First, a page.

The fights are all won by the Justice League. Flash incapacitates Ultraman, Batman out-fights Johnny Quick, Superman inhales the air around Power Ring, Wonder Woman lassos Superwoman and Green Lantern punches out Owl-Man with a green boxing glove. At the last second, each Crime Syndicate guy yells, “Volthoom!” That happens to be the signal for Power Ring’s magic ring. It teleports everyone to Earth 3, where the fight begins anew.

With the new atmosphere, the Crime Syndicate wins all their rematches with ease. They decide that they want to fight the Justice League on a neutral world where they’ll have equal ground. That happens to be Earth 2. Before they can do that, though, they need to take care of the Justice Society. They don’t want those guys helping the Justice League. With the League as prisoners, the Syndicate ventures forth. Only briefly can the League warn their Earth 2 buddies about the danger they’re about to face.


Detective Comics #20 (1938)

Crimson Avenger is a bit different from the other masked heroes of the day. Guys like Batman would try to arrest criminals for the crimes they’ve committed. Crimson Avenger has another way to bring justice.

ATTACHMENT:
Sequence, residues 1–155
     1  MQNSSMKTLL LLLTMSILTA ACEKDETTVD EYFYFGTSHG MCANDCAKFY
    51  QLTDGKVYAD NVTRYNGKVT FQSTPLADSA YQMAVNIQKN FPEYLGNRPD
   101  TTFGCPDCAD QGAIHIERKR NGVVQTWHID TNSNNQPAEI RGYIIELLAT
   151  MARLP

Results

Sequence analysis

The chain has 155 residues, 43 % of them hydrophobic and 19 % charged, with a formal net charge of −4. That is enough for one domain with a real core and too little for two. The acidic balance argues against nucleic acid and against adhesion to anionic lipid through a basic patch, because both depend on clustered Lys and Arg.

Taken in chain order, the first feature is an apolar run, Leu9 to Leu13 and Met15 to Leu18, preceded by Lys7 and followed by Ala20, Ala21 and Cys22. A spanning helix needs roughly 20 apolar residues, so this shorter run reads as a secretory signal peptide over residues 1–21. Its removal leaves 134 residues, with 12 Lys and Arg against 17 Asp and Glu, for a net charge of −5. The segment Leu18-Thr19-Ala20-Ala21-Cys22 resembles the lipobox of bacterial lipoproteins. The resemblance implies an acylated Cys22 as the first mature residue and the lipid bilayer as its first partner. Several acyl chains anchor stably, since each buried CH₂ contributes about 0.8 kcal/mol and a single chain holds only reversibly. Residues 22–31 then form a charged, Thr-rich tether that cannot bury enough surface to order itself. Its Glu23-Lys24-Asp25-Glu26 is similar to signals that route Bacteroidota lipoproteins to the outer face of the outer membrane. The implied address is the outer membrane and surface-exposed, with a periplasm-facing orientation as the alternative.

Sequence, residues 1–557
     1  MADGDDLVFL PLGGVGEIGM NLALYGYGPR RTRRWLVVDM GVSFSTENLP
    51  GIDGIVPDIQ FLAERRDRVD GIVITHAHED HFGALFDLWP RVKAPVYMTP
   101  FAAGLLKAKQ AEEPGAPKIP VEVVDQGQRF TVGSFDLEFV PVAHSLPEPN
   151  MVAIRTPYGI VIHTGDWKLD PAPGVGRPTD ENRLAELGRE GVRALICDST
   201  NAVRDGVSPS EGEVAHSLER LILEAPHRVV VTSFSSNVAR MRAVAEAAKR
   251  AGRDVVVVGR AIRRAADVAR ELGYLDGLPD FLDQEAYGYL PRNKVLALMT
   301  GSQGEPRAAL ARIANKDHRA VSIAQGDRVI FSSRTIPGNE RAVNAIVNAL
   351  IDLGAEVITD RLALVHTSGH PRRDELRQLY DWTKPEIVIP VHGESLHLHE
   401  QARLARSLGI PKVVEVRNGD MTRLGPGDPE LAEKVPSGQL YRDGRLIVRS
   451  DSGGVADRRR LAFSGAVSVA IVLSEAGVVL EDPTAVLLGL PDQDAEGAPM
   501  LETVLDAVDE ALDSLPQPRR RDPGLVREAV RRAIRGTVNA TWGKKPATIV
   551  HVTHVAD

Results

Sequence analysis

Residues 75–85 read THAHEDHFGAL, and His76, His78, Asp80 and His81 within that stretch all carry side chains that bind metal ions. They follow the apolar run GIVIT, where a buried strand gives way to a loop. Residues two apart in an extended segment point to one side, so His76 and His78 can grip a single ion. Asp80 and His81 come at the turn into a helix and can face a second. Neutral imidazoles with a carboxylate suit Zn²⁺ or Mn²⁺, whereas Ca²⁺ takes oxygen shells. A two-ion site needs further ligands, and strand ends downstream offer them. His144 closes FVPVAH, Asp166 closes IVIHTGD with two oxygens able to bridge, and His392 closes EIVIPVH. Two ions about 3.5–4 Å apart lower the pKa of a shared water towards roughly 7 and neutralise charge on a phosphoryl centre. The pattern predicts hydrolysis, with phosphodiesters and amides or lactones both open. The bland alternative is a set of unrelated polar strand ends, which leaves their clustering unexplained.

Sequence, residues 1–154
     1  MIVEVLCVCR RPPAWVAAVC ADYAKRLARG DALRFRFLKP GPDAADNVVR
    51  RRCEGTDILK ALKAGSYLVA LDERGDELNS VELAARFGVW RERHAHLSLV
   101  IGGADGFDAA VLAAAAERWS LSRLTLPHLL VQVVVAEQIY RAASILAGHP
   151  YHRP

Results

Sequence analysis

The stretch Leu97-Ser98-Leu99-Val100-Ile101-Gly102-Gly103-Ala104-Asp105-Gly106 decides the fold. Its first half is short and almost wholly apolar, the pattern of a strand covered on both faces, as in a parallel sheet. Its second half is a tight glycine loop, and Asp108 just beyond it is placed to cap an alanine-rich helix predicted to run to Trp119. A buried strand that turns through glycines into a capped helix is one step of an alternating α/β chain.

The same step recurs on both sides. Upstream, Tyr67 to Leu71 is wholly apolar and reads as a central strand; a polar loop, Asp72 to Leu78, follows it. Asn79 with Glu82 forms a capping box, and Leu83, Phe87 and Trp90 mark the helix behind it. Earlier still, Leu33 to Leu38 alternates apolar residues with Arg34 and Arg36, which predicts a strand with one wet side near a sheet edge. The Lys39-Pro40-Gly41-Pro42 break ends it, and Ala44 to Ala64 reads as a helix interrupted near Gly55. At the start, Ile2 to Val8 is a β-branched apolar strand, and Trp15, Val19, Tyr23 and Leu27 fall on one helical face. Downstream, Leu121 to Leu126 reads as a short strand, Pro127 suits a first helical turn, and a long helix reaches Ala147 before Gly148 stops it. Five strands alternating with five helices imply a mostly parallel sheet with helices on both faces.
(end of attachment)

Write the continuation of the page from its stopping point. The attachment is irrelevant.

The story deals with a lawyer Myron Block. He’s a crooked lawyer and is definitely in with the mob. He never fails to get his guilty clients off with his tactics. Reporter Lee Travis has seen enough. It’s time for the Crimson Avenger to make things right.

The Crimson Avenger breaks into Block’s home one night and asks for his help. He’s going to murder the DA and he wants witnesses. He also wants to make it look like a suicide, so he needs a suicide note. He’ll pay Block $50,000 for his part, but he needs a gun and poison as supplied by Block. This plan doesn’t make even a lick of sense, but Block goes with it.

Rather than pay Block, the Crimson Avenger knocks him out with his gas gun. He goes to the DA and fakes a murder attempt, making sure to escape when the cops arrive and leave his weapons behind. The cops find the fingerprints of Myron Block on the weapons and decide that Block was trying to frame the Crimson Avenger while killing off the DA. The cops bring him in and the Crimson Avenger is victorious… by… uh… having a guy arrested for a crime he didn’t commit.


Tales of Suspense #46 (1963)

There are nine Crimson Dynamos in Marvel 616 history, so I’m only going to focus on the original. Professor Anton Vanko meets with his leader and shows him his newest breakthrough, which will lead to the death of that capitalist pig Iron Man.